By Mihir Bagwe, Snr Technical Writer @ CISO Mag
Here’s a quick recap of what we read in the first two parts of this series. We saw how SMBs have become the mainstay of economies in the APAC region. However, in the second part, we saw the byproducts of this booming sector as the cyberthreat landscape for SMBs continued to surge. But businesses paint a different picture altogether. They feel they are well equipped and prepared to take on the cyber threat “Goliath”. But are they? Let’s see…
Putting in place a dedicated cybersecurity team is just the first of many challenges that an SMB owner faces, but it is a prime one. It begins with educating themselves about the importance of cybersecurity for their business in the first place, then finding the right talent, and then shelling out an extra bit on the recommendation of tools and technologies that they suggest. This can burn a big hole in the SMB owner’s pocket and often is regarded as a reason why they overlook having cybersecurity personnel on board.
Most of these businesses are either bootstrapped or have limited funding, but this does not leave them with much of an option for cybersecurity budgets. Moreover, there is already a “demand and supply” crunch for cybersecurity. Meaning, cybersecurity demands three core components, skilled people, process, and technologies, which are all scarce at the moment. But it is also the only way SMBs can build a cybersecurity culture in their business.
At a time when the cybersecurity talent pool is most required, estimates state that unfortunately, up to 3.5 million cybersecurity jobs will go unfilled this year according to Cybersecurity Ventures. The uptake of formal cybersecurity education at the university level has seen a gradual increase over the past few years. But what needs to be understood is that it takes time to educate and train highly skilled professionals, and then a bit more time for them to gain practical work experience. But this talent is mainly absorbed by industry heavyweights and the SMBs are often left high and dry with an under-skilled workforce, which at times only has theoretical knowledge rather than the practical set.
Policies, processes, and procedures help companies to stay in control of their cybersecurity architecture. And although there are various frameworks around the globe like NIST in America and SMESEC in the European Union for SMBs of these respective regions, there does not seem to be any formal cybersecurity framework specifically designed for SMBs in the APAC region. This is the need of the hour and we hope formal bodies are listening to it. In the meantime, what can SMBs in APAC do?
For an SMB owner, cybersecurity can cause technological headaches. The Internet of Things (IoT) is one of the most exciting components of the evolving technology landscape. We are seeing the arrival of tools that can communicate seamlessly with other machines for simplifying the way we live and work. IoT is gradually becoming more ubiquitous and helping especially small businesses grow at a faster pace.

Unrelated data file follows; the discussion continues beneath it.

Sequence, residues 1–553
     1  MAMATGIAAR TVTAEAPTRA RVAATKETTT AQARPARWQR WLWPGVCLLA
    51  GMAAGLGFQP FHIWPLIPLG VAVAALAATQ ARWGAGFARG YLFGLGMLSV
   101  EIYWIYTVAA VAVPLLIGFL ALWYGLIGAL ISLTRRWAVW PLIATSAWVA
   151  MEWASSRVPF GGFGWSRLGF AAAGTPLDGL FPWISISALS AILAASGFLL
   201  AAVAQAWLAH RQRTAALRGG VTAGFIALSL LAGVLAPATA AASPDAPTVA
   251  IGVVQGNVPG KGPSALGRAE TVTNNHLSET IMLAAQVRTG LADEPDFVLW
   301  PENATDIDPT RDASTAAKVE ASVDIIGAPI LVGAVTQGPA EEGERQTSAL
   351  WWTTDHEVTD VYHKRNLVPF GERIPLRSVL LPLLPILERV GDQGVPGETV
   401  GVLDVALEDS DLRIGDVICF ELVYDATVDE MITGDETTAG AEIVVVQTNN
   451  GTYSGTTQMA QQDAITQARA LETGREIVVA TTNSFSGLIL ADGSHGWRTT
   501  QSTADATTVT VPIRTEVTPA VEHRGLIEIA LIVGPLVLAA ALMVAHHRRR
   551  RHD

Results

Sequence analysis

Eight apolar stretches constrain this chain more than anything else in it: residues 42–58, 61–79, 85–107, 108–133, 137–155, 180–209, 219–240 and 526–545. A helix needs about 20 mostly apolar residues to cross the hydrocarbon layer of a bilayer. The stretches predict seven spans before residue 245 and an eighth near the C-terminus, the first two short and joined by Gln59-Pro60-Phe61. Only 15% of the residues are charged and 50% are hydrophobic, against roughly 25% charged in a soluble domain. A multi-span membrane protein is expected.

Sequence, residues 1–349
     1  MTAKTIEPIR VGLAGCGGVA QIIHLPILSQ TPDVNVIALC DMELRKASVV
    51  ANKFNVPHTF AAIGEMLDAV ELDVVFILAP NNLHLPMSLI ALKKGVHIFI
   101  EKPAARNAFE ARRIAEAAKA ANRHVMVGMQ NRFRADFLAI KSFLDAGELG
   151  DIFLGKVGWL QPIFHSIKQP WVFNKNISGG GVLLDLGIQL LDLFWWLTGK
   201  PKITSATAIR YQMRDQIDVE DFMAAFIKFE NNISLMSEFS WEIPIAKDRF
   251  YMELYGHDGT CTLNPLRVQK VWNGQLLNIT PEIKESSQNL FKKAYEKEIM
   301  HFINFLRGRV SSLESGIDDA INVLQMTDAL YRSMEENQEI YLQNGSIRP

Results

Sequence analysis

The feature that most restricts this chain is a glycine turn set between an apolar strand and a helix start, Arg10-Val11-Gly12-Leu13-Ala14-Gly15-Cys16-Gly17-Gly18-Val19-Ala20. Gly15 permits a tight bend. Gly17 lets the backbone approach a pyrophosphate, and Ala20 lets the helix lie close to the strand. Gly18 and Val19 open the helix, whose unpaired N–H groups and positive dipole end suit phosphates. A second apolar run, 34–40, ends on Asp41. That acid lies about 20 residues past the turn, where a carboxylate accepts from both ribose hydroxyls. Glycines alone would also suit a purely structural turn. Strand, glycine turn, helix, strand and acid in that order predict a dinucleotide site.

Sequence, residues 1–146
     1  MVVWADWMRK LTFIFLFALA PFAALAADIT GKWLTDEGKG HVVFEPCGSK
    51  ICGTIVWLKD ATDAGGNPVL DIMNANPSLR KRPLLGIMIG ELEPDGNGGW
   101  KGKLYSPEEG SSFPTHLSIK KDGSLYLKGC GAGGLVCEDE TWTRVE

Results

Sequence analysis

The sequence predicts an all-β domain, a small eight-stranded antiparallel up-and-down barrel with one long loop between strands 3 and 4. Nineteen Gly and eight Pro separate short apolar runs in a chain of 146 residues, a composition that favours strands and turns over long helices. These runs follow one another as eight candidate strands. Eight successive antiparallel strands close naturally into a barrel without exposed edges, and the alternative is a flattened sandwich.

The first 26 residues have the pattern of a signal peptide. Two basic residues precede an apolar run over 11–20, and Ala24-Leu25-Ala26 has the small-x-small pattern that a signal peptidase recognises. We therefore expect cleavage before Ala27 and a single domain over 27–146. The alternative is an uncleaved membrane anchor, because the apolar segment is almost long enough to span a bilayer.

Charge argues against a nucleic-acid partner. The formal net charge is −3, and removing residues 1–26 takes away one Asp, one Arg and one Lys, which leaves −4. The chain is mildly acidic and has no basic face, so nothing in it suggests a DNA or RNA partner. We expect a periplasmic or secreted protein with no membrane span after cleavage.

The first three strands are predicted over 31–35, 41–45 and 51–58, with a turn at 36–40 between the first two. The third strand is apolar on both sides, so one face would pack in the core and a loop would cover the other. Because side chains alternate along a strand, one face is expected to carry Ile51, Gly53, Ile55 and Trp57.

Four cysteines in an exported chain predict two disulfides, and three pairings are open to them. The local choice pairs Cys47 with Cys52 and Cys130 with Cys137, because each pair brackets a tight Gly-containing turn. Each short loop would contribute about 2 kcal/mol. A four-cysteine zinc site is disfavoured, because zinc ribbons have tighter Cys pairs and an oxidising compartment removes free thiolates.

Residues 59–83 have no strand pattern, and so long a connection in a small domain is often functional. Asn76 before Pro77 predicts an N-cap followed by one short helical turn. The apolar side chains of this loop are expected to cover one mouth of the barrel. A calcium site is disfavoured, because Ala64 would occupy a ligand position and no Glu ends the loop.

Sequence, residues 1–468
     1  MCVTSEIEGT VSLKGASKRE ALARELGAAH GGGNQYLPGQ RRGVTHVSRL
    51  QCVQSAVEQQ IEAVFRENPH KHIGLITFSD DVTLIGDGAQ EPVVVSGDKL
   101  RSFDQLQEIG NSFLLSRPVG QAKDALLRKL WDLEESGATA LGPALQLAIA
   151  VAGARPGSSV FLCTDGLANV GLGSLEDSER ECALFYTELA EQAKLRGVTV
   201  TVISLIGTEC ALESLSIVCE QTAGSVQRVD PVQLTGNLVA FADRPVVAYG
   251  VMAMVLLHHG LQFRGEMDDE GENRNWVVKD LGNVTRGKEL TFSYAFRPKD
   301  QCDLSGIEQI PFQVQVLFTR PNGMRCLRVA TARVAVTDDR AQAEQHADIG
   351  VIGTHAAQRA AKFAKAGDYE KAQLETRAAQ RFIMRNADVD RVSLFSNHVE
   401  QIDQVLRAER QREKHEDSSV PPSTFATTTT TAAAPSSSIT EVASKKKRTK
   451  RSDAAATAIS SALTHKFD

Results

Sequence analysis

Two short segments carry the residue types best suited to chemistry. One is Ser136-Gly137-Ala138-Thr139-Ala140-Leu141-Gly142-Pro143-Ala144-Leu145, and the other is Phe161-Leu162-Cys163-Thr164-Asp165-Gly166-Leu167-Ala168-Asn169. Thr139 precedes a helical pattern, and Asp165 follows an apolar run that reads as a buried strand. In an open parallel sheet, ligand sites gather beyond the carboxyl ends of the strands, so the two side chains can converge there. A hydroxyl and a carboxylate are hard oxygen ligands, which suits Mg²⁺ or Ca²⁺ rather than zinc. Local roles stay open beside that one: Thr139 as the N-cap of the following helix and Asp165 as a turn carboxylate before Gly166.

For example, a coffee shop owner who had to pay for manhours of a person to simply take orders from its customers and serve them has now introduced tablets on their tables. QR codes on tables and restaurant apps have also now become the new norm in a society that is more aware of hygiene and social distancing. Tablets and apps offer two key benefits. First, it improves efficiency in the kitchen. The time for taking the order from the customer and conveying it to the kitchen is next to negligible. This helps coffee shops and restaurants to dish out to their customers in lesser time than before. Secondly, the self-service culture aided by digital technologies means recruiting fewer people to wait on tables, and this can bring in significant cost savings for restaurant owners.
However, one of the most pressing issues with such technologies is the security considerations it comes with. As the number of IoT and new-age devices increases, the risk of “rogue” technology is now higher than ever. For this reason, SMBs need to keep fine-tuning their cyber defense technologies, but the lack of people and process capabilities to do this often hampers their technology efforts.
In APAC the most commonly used security tools of SMBs include web application firewalls (WAF), cloud access security broker (CASB), and software and application scanners for detecting respective vulnerabilities. The ability to discover digital risks and their impact on business operations remains elusive.
Digital risks include uncovering attack surfaces where hackers can find their way in as well as the continuous monitoring for vulnerabilities that exist in the various technologies which SMBs have implemented. The once-a-year pentest would not be sufficient if businesses want to ensure they are protected 24/7.
Businesses that are not equipped to detect data leaks or breaches would continue to put their business at risk. The “head in the sand” mindset will not work if they want to take a proactive approach to stem out attacks and put a stop to hackers’ pilferage.
As competition heats up on the business front, the need to ensure the brand is not hijacked or negatively impacted is of utmost importance. This means business owners need to be equipped with the knowledge of any brand impersonation and infringement and these issues could show up as lookalike domains, fake social media accounts, and more. All of these digital risks can easily translate to a direct business impact if left unattended.
To help SMBs overcome their cybersecurity challenges, CYFIRMA has built a solution that can help businesses build a stronger defense against cyber threats.
Learn more about CYFIRMA’s Digital Risk Discovery platform, DeTCT, here.